India's Economy in Flux 

Salman Soz

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SUMMARY

In the 2014 parliamentary elections, Prime Minister Narendra Modi and his Bharatiya Janata Party (BJP) won a decisive victory. For the first time in almost three decades, India’s Prime Minister would lead without the pressures of coalition politics. PM Modi’s reputation as a hard charging, pro-business leader, and his masterful election campaign, which was aspirational and populist in equal measure, raised hopes for radical change, reforms, and better prospects for India, a country that remains poor despite progress in recent decades. Limited government, economic transformation, and job creation were at the center of PM Modi’s campaign. Three years have elapsed since PM Modi took office. While three years is insufficient time in which to assess the full impact of a government’s economic policies, it does provide an opportunity to undertake a mid-term review.

This paper assesses PM Modi’s economic policies, reviews India’s progress along key economic indicators, and identifies overarching issues that challenge India’s future economic growth trajectory. Some of the questions posed in this paper relate to the policy framework adopted by PM Modi’s government and the extent to which it departs significantly from the policies of the previous government. We also review PM Modi’s election campaign promises and how far his government has succeeded in delivering on those promises. Is the economy transforming and creating jobs? Are investments picking up and is the banking sector recovering from its burden of non-performing assets (NPAs)? How is India’s rural economy faring? These and other questions are the focus of this report.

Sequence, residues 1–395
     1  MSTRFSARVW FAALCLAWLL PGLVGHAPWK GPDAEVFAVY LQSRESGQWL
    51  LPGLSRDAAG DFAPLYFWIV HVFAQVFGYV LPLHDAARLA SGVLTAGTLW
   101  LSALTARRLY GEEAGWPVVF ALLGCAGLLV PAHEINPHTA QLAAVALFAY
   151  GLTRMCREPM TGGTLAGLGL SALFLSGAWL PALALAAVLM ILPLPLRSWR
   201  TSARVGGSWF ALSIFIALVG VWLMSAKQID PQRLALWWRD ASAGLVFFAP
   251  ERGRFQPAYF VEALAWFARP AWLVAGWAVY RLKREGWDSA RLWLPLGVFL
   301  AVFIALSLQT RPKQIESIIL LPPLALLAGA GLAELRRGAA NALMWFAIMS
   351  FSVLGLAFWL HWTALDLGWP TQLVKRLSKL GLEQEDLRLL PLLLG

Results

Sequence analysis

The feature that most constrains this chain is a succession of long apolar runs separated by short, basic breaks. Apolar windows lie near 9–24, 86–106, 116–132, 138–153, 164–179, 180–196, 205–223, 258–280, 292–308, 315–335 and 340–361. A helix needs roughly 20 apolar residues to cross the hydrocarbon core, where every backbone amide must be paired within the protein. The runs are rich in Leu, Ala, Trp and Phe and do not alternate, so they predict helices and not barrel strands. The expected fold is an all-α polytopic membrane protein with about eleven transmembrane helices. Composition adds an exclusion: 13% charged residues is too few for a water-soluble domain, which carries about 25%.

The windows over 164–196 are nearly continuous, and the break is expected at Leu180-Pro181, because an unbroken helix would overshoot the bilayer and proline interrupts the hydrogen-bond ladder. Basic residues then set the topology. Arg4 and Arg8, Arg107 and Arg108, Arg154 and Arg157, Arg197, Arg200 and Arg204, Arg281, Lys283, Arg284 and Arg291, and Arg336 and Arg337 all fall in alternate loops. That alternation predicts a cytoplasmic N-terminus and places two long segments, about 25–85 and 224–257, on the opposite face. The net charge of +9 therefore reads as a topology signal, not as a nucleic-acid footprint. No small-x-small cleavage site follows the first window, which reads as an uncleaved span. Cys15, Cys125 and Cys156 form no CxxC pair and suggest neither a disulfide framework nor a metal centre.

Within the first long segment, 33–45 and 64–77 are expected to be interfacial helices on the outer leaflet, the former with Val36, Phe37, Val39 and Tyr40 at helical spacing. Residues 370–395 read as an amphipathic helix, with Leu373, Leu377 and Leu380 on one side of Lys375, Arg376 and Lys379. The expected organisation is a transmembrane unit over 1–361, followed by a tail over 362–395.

This paper’s overall assessment is that apart from some notable exceptions, PM Modi has chosen to follow an incremental approach as opposed to radical economic reform. Economic growth is high on the agenda, while social transfers through schemes such as the Mahatma Gandhi National Rural Employment Guarantee Scheme (MGNREGS) remain in place. The government has also continued on the fiscal consolidation path that the previous government had embarked on. Inflation has dropped significantly, in part because of a sharp drop in crude oil prices. After two successive droughts in 2014 and 2015, the rural economy rebounded last year. Foreign direct investment has risen steadily during PM Modi’s tenure and he has promoted India as a destination of choice for foreign investors. However, domestic private sector investment is weak and has dragged the overall investment ratio down in each of the last three years. Private investment woes are linked to serious problems in the banking sector, which is bogged down by substantial and growing non-performing assets. While India has grown faster than China for much of the past year, this has not resulted in the type of job growth that India needs. In fact, formal sector job creation is weaker than in previous years and will pose a major challenge for policymakers in the years ahead.